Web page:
Penguin's solicitors had written to a long list of well-known writers to seek their support - they included Enid Blyton, whose "husband said NO at once" - and 36 "expert witnesses" spoke up for the novel in court.
After its acquittal, it went on to sell more than three million copies; Penguin became a public company and its founder a millionaire. Since Lane's death in , Penguin has lost its monopoly and become like any other large publishing conglomerate. But he remains the greatest publisher of the age, and his brief but busy life brought pleasure and improvement to millions around the world.
Way World Plays by William Congreve: Books - AbeBooks
Love puzzles? Get the best at Telegraph Puzzles. Books on Amazon. Based on the medieval myth revisited by Christopher Marlowe, the devil Mephistopheles, initially disguised as a poodle, offers to grant Dr.
In Part One, Faust strikes the deal and woos the lovely Gretchen; in Part Two, he scales the heights of politics and power and summons the beautiful Helen of Troy back from the dead, his arrogance and self-delusion leading inexorably towards destruction. The Serbian electrical engineer Nikola Tesla was obsessed with Faust.
He learned it off by heart and was reciting it when he had an epiphany, which led to his idea of a rotating magnetic field and ultimately his invention of alternating current. Mary Wollstonecraft Godwin was the daughter of the radical writers Mary Wollstonecraft and William Godwin, but she never knew her mother, who died when she was ten days old. Byron suggested a ghost story competition and Mary, 18 years old at the time, based her contribution on a terrifying waking dream:.
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I saw the pale student of unhallowed arts kneeling beside the thing he had put together. I saw the hideous phantasm of a man stretched out, and then, on the working of some powerful engine, show signs of life, and stir with an uneasy, half vital motion. She worked her short story into her famous novel, which she first published anonymously in After her mother and two older sisters died, she was educated at home with her three surviving siblings, Emily, Branwell and Anne.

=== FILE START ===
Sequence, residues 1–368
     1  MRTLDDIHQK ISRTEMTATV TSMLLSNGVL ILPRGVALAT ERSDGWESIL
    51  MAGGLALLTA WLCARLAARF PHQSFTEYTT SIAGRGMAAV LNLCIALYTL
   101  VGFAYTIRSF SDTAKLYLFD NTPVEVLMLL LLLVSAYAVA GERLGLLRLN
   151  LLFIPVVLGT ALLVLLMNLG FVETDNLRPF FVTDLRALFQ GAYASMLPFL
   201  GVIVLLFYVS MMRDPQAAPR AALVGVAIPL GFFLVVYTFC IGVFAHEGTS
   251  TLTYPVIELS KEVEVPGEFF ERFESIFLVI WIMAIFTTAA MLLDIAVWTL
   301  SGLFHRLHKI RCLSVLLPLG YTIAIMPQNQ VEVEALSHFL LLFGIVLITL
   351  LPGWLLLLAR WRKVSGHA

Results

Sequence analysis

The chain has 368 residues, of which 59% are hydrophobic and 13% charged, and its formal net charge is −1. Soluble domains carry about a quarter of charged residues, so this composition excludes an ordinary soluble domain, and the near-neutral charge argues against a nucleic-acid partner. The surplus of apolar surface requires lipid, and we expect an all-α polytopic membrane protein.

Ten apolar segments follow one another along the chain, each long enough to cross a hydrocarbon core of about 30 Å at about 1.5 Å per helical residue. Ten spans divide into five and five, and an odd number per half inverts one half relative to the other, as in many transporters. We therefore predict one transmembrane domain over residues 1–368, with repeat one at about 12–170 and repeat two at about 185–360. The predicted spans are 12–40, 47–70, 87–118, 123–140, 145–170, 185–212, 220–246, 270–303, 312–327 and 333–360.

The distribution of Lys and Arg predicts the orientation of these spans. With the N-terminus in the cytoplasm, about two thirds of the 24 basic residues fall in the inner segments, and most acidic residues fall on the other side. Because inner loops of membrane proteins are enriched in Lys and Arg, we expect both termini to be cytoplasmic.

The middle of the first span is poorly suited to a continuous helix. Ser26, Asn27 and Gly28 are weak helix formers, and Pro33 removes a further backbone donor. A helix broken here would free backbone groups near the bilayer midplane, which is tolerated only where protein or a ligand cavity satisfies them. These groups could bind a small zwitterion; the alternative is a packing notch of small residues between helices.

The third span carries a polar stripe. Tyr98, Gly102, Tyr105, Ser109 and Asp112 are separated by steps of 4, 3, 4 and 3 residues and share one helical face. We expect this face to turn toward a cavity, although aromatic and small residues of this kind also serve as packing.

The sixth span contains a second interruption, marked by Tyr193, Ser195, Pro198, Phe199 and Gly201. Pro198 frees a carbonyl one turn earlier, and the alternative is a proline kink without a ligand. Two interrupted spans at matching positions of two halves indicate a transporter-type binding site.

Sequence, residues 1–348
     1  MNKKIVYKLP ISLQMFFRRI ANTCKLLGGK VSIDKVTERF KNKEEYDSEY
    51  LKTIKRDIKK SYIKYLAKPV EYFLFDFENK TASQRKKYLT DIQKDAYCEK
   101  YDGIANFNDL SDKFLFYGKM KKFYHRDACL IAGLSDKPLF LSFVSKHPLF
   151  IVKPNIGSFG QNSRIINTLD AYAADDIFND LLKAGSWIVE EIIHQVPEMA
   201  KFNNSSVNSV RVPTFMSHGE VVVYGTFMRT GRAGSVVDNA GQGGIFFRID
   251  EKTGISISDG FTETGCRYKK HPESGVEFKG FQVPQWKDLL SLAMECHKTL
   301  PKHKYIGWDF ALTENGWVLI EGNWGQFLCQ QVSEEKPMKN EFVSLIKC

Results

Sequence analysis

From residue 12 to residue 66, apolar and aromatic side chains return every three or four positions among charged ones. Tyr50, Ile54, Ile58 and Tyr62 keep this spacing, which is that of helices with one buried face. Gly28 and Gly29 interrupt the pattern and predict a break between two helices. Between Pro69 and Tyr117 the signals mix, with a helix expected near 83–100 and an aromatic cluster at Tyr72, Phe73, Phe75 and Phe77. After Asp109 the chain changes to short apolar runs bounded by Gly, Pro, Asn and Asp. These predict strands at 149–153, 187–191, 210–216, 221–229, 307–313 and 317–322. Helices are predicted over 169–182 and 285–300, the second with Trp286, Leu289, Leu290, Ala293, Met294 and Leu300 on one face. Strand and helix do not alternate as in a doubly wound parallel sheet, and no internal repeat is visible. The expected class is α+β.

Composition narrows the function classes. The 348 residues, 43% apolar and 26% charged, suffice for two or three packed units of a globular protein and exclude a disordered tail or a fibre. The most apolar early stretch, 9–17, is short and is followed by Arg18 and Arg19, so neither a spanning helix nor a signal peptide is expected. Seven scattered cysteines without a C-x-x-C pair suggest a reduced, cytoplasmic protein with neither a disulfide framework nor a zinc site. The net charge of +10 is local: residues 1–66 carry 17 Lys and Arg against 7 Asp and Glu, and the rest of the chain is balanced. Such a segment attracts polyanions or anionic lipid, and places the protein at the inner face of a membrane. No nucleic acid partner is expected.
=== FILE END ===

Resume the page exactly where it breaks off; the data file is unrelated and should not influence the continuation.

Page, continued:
Jane Eyre is the story of an independent-spirited but lonely governess who falls in love with her Byronic employer, Mr. Rochester, only to uncover a dreadful secret. Morris was a wallpaper designer, furniture craftsman, embroiderer, poet, translator of Icelandic sagas, businessman, socialist, conservationist and publisher. He has woken into a socialist utopia, an agrarian society with no private property, no authority, no money and no class system: he takes a boat trip up the Thames to explore this perfect, future world.
Narrated by A. Square, Flatland begins as a description of the two-dimensional Flatland, a thinly disguised satire of Victorian society. Edwin Abbott Abbott became headmaster of the City of London School, his alma mater, at the age of just 26, and remained there until his retirement.
By signing up, I confirm that I'm over Registered number: England. The Beginnings On chilly nights, amidst the wail of air raid sirens, Emile Victor Rieu stood on the roof of Birkbeck College in central London, scanning the skyline for fires. Emile Victor Rieu. Penguin Classics colour guide. Series policy statement from several early Penguin Classics editions. The Ancient World. The Epic of Gilgamesh c. The Symposium Plato c.